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Posts Tagged ‘murder’

I’ve finally had a break through! I’ve been grappling with the plot of my second novel for the past one week and nothing worthwhile was coming out. There were all these bits of paper strewn about some covered in ink from top to bottom (one of my good days) and some with barely a line written on them (one of the not so good ones). I don’t know about you but I find writing on paper easier when I’m outlining my novels/screenplays. Basically paper works best for me when I’m clearing out my head.

Anyway, frustration was creeping and I had begun scratching on walls.

And finally, yesterday things fell into place. I’m really excited about the story and cannot wait to begin to plunge myself in writing it. There are still some snags and loose ends but I’m sure those will also work themselves out once I start writing and getting into my characters heads – their motivations, deep dark secrets, insecurities etc. Right now they are still just outlines on paper.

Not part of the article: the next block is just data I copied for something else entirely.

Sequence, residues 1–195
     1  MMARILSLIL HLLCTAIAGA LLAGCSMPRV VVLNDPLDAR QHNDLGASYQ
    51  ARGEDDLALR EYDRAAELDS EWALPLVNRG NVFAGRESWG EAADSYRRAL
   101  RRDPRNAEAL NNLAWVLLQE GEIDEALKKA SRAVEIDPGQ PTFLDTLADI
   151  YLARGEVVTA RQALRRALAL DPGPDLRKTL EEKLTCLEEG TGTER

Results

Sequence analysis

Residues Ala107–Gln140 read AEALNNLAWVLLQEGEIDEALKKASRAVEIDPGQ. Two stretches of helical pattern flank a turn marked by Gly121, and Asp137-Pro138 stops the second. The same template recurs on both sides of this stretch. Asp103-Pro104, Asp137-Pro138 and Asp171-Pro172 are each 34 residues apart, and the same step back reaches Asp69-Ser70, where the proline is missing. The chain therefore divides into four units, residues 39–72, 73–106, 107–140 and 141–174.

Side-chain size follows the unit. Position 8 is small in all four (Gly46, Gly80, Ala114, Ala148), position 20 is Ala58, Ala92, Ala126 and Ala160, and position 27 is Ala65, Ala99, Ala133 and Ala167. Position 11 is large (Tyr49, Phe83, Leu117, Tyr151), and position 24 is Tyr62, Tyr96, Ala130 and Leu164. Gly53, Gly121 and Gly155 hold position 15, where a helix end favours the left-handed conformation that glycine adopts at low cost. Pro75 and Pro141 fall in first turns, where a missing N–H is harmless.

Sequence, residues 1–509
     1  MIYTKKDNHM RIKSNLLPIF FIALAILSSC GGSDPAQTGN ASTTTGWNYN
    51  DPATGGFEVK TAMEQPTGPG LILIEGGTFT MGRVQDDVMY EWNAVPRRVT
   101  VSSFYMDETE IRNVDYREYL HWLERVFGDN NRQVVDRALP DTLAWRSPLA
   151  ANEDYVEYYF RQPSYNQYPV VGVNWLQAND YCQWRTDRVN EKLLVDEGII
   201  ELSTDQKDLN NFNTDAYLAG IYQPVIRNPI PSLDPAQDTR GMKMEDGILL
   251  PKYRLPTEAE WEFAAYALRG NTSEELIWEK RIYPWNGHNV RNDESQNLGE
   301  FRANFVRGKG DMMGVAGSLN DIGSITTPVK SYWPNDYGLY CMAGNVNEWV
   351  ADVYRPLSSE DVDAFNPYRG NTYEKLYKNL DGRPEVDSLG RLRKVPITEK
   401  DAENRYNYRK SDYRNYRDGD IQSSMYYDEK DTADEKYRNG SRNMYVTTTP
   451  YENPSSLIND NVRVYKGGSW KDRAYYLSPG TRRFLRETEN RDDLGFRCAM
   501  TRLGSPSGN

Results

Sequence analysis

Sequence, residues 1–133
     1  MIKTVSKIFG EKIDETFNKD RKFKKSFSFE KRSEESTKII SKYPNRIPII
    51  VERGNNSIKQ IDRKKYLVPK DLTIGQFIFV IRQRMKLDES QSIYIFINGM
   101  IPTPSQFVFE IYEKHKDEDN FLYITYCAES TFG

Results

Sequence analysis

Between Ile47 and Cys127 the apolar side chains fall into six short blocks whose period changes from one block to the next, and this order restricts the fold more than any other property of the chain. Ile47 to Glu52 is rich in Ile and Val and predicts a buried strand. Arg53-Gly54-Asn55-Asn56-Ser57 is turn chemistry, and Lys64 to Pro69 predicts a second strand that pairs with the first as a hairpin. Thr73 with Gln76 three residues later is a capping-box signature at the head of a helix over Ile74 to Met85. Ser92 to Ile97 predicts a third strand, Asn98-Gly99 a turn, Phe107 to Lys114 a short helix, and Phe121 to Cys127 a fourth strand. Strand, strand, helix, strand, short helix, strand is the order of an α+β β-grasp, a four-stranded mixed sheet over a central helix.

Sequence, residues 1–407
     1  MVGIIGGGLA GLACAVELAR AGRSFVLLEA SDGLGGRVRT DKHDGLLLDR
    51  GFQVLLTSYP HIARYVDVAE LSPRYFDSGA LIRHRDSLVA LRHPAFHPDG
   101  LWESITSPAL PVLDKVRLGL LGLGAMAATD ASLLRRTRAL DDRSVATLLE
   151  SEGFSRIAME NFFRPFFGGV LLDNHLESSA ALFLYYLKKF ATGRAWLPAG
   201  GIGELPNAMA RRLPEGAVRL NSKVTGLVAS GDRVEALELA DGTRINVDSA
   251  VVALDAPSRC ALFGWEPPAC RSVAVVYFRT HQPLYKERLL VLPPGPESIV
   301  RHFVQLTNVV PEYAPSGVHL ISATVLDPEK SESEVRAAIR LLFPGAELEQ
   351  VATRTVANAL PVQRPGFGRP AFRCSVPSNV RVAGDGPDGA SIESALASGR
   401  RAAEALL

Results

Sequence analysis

When you are writing a murder mystery, there are many things you have to consider. You have to answer at least four basic questions before you can even begin writing. The questions are – What, Who, Why, How. The reason is simple – you have to start seeding it right from the beginning. Even if the crime does not take place right away (though it should, but more on that later), the characters’ actions and whereabouts have to detailed.

Once you have answered what, who, why and how, the rest of the work is relatively easier. You can embellish it with other characters, other prime suspects and their motivations, alibis and red herrings.  It is usually the former that takes much of your time, partly because detective/crime fiction has evolved over the years and every conceivable plot has been done.

So there’s pressure to come up with something novel (read: convoluted plots) without resorting to murdering evil twins, butlers and monkeys/snakes. Also while we are at it other big no-nos are strangers, burglars and the detective himself/herself unless you can come up with an intriguing way of handling it. Impossible, usually. Jeffrey Archer has done it nicely in one of his short stories (it’s about a courtroom drama around a crime of passion. I forget the name of the story and the anthology.).

How I envy Agatha Christie and Arthur Conan Doyle. Those were simpler times.

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